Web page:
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Guide to the plant species descriptions published in seed lists from Botanic Gardens for the period 1800 - 1900.

By: Cees Lut  (formerly: Chief Librarian National Herbarium of the Netherlands)
In cooperation with J.F.Veldkamp (†) (31 March 1941 - 12 November 2017)

Welcome to this electronic and interactive guide to descriptions of new plants species published in seed lists.

Botanical Gardens have produced for a long time annual seed lists for exchange. In some European ones of the 19th century it was customary to include diagnoses, descriptions, and notes either in footnotes or in appendices. These lists were printed in a very limited edition and past issues generally were not kept. None of the old and large libraries in the world has a complete set of them, and the collections that they do have are usually incomplete. Smaller or more recent libraries probably have none at all. The Library of the NATURALIS Biodiversity Centre: section Botany in Leiden, and the Hortus botanicus (Leiden University) has a large collection of seed lists, but it, too, is far from complete. Collaboration with other libraries and taxonomists was essential.

I am therefore very grateful to Folmer Arnklit, Copenhagen (Denmark), Arthur Chapman, Toowoomba South (Australia), Gianniantonio Domina, Palermo (Italy), Brian Doggett, Worth School, Turner's Hill (UK), Stephan Dressler, Frankfurt am Main (Germany), Michael Kiehn, Vienna (Austria), Toomas Kukk, Tartu (Estonia), Manuela De Matteis Tortora, Napoli (Italy), Magdalena Murlarczyk, Wroclaw (Poland), and to the Institute of Botany - University of Vienna (Austria), Life Sciences Library (Botany Section), University of Liege (Belgium), National Botanic Garden of Belgium, Meise (Belgium), Tallinn Botanic Garden, Tallinn (Estonia), Institut National d'Horticulture, Angers (France), Museum d'Histoire Naturelle - Ville de Grenoble (France), Botanischen Garten und Botanischen Museum, Berlin-Dahlem (Germany), Bücherei des Deutschen Gartenbaues e.V., Berlin (Germany), Institut für Allgemeine Botanik, Hamburg (Germany), Hungarian Natural History Museum, Budapest (Hungary), Biblioteca dell'Orto Botanico, Padova (Italy), Komarov Botanical Library, St.Petersburg (Russia), Royal Botanic Garden Edinburgh (Scotland/UK), Conservatoire & Jardin botaniques de la Ville de Genève, Chambésy (Switzerland), The Linnean Society of London, London (UK), Royal Botanic Gardens, Kew (UK), Harvard University Botany Libraries, Cambridge (U.S.A.) Missouri Botanical Garden, St.Louis (U.S.A.), for providing me with copies of seed lists in their libraries.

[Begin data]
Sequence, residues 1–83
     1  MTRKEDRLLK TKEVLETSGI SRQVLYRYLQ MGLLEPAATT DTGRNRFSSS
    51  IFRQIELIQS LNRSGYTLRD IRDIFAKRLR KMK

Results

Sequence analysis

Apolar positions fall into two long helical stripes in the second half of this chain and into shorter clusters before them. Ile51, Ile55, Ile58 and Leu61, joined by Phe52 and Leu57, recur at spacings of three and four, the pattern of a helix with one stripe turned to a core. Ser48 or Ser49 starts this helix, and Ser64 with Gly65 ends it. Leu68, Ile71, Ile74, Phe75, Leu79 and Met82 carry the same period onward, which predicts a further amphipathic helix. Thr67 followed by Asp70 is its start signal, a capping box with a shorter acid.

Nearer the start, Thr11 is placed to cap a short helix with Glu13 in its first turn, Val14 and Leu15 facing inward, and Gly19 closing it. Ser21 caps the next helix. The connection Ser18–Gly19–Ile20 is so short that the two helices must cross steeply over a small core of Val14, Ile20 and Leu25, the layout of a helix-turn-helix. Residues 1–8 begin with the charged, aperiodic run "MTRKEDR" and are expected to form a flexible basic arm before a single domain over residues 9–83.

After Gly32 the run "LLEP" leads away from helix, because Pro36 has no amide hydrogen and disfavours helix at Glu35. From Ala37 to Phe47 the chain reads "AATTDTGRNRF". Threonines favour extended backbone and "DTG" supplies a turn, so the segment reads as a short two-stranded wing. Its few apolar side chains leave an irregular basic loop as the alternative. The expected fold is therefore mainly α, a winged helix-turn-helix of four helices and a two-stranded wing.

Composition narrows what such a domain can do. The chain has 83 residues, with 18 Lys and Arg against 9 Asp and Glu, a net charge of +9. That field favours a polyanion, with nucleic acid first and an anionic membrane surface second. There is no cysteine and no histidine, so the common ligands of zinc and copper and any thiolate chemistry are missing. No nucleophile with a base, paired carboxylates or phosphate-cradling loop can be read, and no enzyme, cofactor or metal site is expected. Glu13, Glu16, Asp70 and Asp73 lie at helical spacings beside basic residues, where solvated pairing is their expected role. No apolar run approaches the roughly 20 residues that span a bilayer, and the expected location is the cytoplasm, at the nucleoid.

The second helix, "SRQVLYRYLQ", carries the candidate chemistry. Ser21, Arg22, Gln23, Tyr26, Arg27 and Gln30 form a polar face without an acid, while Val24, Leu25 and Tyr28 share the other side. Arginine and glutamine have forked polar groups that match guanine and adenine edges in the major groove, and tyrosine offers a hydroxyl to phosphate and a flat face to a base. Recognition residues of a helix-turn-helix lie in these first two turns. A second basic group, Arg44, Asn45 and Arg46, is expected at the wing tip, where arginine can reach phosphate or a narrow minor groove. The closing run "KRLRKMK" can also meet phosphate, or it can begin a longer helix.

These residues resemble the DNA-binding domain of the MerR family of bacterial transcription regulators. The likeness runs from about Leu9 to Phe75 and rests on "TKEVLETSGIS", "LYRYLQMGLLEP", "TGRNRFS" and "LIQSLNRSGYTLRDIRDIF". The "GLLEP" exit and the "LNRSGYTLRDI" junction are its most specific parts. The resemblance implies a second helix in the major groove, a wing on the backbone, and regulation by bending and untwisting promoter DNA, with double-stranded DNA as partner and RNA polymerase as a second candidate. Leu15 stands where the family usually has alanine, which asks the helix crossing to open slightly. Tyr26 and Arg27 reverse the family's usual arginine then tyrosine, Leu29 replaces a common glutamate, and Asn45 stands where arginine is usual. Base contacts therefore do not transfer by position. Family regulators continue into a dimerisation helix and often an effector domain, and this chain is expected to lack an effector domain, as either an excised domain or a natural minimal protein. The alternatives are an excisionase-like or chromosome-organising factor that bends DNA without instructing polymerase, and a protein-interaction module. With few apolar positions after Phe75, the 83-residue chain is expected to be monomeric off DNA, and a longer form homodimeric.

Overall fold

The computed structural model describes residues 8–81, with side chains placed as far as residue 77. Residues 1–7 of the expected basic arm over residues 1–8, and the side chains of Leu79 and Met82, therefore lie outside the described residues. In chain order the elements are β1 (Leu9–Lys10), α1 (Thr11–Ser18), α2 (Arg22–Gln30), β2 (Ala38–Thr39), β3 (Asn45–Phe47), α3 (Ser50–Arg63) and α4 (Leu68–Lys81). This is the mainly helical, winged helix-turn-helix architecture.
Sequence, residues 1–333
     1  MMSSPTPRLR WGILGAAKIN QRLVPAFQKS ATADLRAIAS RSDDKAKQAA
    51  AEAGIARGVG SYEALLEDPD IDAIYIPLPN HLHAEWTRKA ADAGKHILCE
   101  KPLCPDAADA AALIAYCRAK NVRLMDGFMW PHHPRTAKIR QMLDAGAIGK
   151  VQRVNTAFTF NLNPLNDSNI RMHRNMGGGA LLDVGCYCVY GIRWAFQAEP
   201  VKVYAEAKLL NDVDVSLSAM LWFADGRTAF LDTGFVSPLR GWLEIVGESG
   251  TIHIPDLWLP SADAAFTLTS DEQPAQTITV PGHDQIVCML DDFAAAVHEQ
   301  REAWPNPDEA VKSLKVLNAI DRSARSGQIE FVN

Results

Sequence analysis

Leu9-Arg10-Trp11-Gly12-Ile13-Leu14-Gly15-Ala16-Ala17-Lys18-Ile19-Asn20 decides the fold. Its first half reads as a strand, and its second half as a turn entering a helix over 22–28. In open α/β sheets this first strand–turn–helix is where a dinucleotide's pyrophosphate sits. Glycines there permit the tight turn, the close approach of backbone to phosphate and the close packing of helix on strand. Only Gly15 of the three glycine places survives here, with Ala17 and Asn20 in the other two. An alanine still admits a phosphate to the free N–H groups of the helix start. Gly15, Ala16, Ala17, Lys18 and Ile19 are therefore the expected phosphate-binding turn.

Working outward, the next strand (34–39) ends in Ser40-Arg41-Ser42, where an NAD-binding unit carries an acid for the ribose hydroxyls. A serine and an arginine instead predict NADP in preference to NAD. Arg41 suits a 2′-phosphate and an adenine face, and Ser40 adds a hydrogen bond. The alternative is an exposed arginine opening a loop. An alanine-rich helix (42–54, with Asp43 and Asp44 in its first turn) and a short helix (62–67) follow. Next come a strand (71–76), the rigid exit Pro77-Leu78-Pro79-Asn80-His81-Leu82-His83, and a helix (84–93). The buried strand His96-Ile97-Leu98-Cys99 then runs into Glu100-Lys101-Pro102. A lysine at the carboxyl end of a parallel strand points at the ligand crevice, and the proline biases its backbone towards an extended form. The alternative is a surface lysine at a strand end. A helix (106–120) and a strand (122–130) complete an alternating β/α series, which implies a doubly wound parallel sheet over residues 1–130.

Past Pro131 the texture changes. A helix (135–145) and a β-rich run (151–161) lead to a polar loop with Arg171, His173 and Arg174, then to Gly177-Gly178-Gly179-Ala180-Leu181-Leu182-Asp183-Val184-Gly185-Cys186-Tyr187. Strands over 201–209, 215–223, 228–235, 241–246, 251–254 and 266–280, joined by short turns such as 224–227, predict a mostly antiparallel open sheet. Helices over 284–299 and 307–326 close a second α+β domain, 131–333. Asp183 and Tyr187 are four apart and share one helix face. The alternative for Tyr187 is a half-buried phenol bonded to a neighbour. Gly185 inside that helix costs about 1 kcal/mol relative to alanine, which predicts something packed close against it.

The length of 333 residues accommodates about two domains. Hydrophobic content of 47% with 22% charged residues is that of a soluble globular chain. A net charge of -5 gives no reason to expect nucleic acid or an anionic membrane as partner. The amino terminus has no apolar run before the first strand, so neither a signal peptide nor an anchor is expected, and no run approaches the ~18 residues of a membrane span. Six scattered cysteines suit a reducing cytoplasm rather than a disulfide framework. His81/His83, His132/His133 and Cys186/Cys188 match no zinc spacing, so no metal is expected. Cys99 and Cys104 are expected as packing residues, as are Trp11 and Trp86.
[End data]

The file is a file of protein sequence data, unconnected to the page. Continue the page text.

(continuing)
In some cases the information was republished in contemporary scientific journals like Linnaea, Flora and Annales des Sciences Naturelles (Paris) and so became available to the general public. This website contains about 4900 new genera and species. It was difficult to go for all, locating all lists was impossible. Errors and omissions found in the Index Kewensis (and IPNI) were sent to IPNI.

The website aims to make the original descriptions in a searchable database available, with the title page of the seed list and its date of publication or an estimate thereof.

I feel that such a guide would fill a gap and be of great use in places where botanical nomenclature and the history of horticulture are being studied.